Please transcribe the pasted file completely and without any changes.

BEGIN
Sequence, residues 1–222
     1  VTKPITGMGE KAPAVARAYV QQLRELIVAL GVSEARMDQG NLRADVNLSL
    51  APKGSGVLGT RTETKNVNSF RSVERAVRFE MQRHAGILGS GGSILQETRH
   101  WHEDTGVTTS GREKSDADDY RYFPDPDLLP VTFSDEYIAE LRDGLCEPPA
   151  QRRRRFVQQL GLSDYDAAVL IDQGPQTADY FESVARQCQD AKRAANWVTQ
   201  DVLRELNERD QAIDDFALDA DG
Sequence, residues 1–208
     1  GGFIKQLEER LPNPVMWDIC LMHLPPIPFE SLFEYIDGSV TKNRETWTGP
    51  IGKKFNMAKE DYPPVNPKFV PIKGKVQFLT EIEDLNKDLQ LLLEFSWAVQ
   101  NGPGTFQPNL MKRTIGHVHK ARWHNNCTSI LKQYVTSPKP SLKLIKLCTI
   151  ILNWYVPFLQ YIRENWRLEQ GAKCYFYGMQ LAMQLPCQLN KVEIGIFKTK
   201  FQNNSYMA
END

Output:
Sequence, residues 1–222
     1  VTKPITGMGE KAPAVARAYV QQLRELIVAL GVSEARMDQG NLRADVNLSL
    51  APKGSGVLGT RTETKNVNSF RSVERAVRFE MQRHAGILGS GGSILQETRH
   101  WHEDTGVTTS GREKSDADDY RYFPDPDLLP VTFSDEYIAE LRDGLCEPPA
   151  QRRRRFVQQL GLSDYDAAVL IDQGPQTADY FESVARQCQD AKRAANWVTQ
   201  DVLRELNERD QAIDDFALDA DG
Sequence, residues 1–208
     1  GGFIKQLEER LPNPVMWDIC LMHLPPIPFE SLFEYIDGSV TKNRETWTGP
    51  IGKKFNMAKE DYPPVNPKFV PIKGKVQFLT EIEDLNKDLQ LLLEFSWAVQ
   101  NGPGTFQPNL MKRTIGHVHK ARWHNNCTSI LKQYVTSPKP SLKLIKLCTI
   151  ILNWYVPFLQ YIRENWRLEQ GAKCYFYGMQ LAMQLPCQLN KVEIGIFKTK
   201  FQNNSYMA